Your browser is out-of-date!

Update your browser to view this website correctly. Update my browser now


Bryan Ferry Uncovers Other Sides of Bob Dylan

This is the DVD companion to British rock crooner Bryan Ferry’s acclaimed new album of Bob Dylan songs, Dylanesque. I actually saw the DVD before I heard the album, so my initial reflections on the project were unaffected by the CD release (the making of which was covered in the June issue of Mix—you can read it here. In the abstract I thought this might be a match made in heaven, and in fact it is: Ferry has always been a sensitive interpreter of other people’s material, bringing that undeniable elegance and élan to everything he does. He wraps that honey-smooth voice of his around Dylan’s lyrics and gives them new life; he uncovers the beautiful melodies Dylan wrote and gives them wings. This is not unusual in itself: many other singers have covered Dylan’s songs effectively through the years. It tales a special touch, however, to devote an entire album (and DVD) to interpretations of Dylan material.

The DVD—which was beautifully directed by Bob Smeaton, expertly recorded by Tim Roe and produced by longtime Roxy Music/Ferry associate Rhett Davies—was shot live on an (unnamed) studio/soundstage in England with a wonderfully versatile band: guitarists Chris Spedding, Leo Abrahams and Oliver Thompson—all masters of many moods and textures, from dreamy, ambient soundscapes to masterful slide and dynamic rock pickin’—pianist/music director Colin Good; session great Andy Newmark on drums; Guy Pratt on bass; and a quartet of female backup singers (two black, two white): Tara and Anna McDonald, Me’sha Bryan and Sarah Brown, whose work is lovely, often subtle, and tastefully mixed. Ferry also plays effective harmonica—pretty close to Dylan’s style, actually—on many songs.

As befits the perennially mellow Mr. Ferry, he is seated on a stool in the middle of the studio, reading lyrics off a music stand—yet he still feels completely in control of the proceedings; he has always had that sort of command. Of course, it would be hard to go wrong with a set of classic songs like this: The main 60-minute set is heavy on Dylan’s mid-‘60s output—“Don’t Think Twice, It’s Alright,” “The Times They Are A-Changin’,” “Gates of Eden,” “Just Like Tom Thumb’s Blues,” “All I Really Wanna Do,” “Positively 4th Street”; then dips into the late ‘60s for a Hendrix-inspired take on “All Along the Watchtower” (Jimi, more than Dylan, seems to have defined that tune); then to the ’70s for “Knockin’ on Heaven’s Door” and a surprisingly effective rockin’ version of “Simple Twist of Fate”; and concluding with a lovely reading of the 1997 ballad from Time Out of Mind, “Make You Feel My Love,” with just vocals, piano and atmospheric guitar.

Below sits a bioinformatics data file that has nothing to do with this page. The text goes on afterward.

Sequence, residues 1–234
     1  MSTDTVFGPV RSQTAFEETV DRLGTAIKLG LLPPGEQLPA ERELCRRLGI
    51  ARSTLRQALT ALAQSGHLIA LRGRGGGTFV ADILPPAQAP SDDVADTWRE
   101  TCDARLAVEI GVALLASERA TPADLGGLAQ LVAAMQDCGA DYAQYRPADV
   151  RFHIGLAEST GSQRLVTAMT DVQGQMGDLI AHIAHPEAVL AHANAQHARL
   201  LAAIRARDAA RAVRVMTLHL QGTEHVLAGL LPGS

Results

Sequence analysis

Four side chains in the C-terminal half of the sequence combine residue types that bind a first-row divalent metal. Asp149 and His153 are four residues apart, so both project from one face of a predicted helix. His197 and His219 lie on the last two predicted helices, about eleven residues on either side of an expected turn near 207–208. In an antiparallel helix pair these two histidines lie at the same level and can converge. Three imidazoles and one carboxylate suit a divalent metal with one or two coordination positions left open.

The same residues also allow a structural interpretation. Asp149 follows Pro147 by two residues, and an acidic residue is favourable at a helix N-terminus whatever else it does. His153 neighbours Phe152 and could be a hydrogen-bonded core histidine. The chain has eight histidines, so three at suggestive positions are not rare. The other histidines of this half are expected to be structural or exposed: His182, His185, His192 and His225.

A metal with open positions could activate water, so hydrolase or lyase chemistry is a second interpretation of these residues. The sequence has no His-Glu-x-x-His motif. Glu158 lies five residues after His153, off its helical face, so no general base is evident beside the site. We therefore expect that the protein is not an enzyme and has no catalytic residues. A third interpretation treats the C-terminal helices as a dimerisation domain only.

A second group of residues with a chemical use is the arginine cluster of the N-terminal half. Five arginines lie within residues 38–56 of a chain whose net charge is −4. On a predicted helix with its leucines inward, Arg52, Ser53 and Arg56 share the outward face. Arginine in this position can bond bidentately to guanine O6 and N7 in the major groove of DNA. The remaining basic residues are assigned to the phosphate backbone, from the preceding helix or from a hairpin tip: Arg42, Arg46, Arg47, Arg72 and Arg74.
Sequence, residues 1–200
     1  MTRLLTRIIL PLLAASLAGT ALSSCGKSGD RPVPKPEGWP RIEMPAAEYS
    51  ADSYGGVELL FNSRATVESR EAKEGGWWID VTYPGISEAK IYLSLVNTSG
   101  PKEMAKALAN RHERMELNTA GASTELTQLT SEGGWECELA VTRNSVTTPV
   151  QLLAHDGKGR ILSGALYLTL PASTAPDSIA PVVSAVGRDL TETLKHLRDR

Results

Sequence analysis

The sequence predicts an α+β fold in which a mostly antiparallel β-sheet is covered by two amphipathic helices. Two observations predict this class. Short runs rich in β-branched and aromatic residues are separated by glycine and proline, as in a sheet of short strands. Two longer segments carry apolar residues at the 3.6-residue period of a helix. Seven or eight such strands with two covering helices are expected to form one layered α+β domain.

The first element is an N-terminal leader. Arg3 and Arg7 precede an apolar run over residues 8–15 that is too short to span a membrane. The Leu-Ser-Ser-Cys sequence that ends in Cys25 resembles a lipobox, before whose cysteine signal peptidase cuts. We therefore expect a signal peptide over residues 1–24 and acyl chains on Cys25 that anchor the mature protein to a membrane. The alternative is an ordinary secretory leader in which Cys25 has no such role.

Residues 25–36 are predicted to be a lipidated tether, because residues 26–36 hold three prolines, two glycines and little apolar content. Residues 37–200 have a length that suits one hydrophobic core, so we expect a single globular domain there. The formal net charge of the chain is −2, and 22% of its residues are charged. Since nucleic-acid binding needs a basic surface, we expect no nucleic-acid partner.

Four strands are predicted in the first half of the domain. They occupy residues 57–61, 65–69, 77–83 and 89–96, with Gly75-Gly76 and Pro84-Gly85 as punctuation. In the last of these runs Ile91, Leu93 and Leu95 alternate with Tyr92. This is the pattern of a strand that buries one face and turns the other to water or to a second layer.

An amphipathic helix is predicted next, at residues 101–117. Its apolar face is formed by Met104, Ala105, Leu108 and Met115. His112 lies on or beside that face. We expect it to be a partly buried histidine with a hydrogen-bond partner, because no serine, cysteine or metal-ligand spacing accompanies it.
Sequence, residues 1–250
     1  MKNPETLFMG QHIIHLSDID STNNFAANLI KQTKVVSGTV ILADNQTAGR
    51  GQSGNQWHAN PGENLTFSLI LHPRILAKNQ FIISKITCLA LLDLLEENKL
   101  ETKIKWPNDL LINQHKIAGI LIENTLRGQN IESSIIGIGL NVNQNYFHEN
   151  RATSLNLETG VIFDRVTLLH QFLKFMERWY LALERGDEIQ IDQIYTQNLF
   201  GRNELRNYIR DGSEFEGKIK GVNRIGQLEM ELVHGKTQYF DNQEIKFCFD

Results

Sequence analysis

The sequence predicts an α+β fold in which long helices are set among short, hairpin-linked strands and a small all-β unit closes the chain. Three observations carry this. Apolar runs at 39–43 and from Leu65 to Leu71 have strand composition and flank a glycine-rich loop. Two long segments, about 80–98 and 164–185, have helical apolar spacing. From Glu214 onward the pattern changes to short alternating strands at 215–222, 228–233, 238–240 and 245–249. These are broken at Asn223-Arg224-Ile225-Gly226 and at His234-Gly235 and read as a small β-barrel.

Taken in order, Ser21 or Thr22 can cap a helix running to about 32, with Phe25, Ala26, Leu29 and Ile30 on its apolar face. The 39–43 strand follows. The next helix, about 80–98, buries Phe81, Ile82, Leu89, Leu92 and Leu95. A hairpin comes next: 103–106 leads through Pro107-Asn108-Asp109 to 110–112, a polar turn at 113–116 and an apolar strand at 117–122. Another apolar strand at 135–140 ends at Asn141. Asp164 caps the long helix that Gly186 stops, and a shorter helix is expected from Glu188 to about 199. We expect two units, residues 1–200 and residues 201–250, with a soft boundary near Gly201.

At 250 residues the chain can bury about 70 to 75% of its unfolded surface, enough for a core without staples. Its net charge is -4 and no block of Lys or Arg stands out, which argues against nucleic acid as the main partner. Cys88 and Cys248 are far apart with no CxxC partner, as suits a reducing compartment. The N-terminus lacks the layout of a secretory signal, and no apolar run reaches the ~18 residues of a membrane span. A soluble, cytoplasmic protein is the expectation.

Just as Shakespeare’s plays lend themselves to interpretations that cross centuries and styles (I’ve seen As You Like It done in punk-rock regalia; Henry V in hockey uniforms!), Dylan’s songs can seemingly fit into nearly any style and attitude. “Gates of Eden” is given a sober, stately treatment that nicely emphasizes the lyrics. “Knockin’ on Heaven’s Door” has a distinct reggae feel (somewhat reminiscent of the Jerry Garcia Band’s versions). “All I Really Wanna Do” has a nearly baroque-sounding piano-guitar accompaniment that sits very nicely with the melody. “The Times They Are A-Changin’” is given a driving arrangement that puts a cool new spin on a (perhaps) over-played warhorse. I’m not sure that Ferry’s “Positively 4th Street” comes close to capturing the bitterness of Dylan’s incredible original, but that’s a minor complaint. One could also quarrel with the occasional skipped verse, but since Dylan himself has been known to eviscerate his own tunes, perhaps that’s not a fair bust, either.

Throughout the video in brief interview segments, Ferry explains his own attraction to Dylan’s songs and why he chose the ones he did for this session; it’s always illuminating. The camaraderie of the band is evident, as well—though we rarely see Ferry specifically interacting with the players and singers, you can feel the unified vibe strongly: It really feels like a band, not just a singer and session pros.

The bonus tracks are nearly as a good as the main video, comprising a driving take on “Baby Let Me Follow You Down” (probably best known from Dylan’s appearance in The Last Waltz), another (very similar) version of “Don’t Think Twice, It’s Alright,” a lovely run-through on the lilting New Morning tune “If Not For You,” and a video of one of Ferry’s previous stabs at covering Dylan—a rather awkward “A Hard Rain’s A-Gonna Fall” from 1973. Nice try, Bryan—I like you better now!

Highly recommended for both Ferry and Dylan fans!